The following points list some of the most important eligibility criteria for the scheme:
- Applicants must be self-employed or a member of a trading partnership, voluntary work, or duties as an armed forces reservist.
- Carry on a trade which has been adversely affected by COVID-19.
- Have filed a tax return for 2018-19.
- Have traded in 2019-20; be currently trading at the point of application (or would be except for COVID-19) and intend to continue to trade in the tax year 2020-21.
- Have trading profits of no more than £50,000 and more than half of total income from self-employment.
- Individuals can continue to work, start a new trade or take on other employment including voluntary work, or duties as an armed forces reservist.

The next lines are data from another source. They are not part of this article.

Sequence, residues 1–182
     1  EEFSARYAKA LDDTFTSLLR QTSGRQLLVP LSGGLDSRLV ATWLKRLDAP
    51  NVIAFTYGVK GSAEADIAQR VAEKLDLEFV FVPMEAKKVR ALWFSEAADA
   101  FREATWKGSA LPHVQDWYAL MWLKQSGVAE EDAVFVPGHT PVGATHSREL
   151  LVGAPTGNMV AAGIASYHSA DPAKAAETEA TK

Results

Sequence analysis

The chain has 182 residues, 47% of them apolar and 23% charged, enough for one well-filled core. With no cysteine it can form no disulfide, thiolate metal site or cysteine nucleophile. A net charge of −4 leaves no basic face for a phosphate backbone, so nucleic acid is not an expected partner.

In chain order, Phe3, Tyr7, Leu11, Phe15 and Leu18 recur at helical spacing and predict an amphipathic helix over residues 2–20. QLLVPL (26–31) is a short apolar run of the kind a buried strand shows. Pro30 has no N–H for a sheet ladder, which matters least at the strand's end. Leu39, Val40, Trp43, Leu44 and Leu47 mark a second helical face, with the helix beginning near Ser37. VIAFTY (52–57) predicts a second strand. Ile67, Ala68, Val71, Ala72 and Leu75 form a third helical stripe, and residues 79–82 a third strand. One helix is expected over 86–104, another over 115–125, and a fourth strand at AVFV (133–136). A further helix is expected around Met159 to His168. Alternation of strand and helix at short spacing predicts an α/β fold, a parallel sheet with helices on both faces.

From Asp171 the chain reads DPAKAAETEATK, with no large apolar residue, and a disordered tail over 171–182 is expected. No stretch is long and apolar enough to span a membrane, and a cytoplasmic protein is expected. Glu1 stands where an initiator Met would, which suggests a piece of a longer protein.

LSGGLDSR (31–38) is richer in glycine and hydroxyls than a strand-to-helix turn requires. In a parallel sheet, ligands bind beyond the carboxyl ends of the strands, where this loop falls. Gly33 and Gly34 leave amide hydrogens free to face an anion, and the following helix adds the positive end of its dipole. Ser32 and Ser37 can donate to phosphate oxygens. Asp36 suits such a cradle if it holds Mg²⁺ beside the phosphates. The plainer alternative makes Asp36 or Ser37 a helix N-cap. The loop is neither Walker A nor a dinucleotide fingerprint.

After the schemes launch, the government widened the remit of the SEISS. This allowed parents, including mothers, fathers and those who have adopted, who took time out of trading to care for their children within the first 12 months of birth of the child or within 12 months of an adoption placement, to use either their 2017-18 or both their 2016-17 and 2017-18 Self-Assessment returns as the basis for their eligibility for the SEISS.
Most employers and employees are aware of the additional costs of providing company cars and the tax implications they create. However, for many employees the lure of having a company car means that this remains a very popular option. There are some circumstances where it can be possible to offer employees car benefits that are exempt from tax.
Cars available for business journeys only
To avoid reporting for car benefit or car fuel benefit, the car should only be available to staff during working hours for employment related duties or to travel to a temporary workplace. The business must also clearly tell their employees not to use the vehicle for private journeys and check that they do not.
Cars adapted for an employee with a disability
These cars are exempt if the only private use is for journeys between home and work and for travel to work-related training.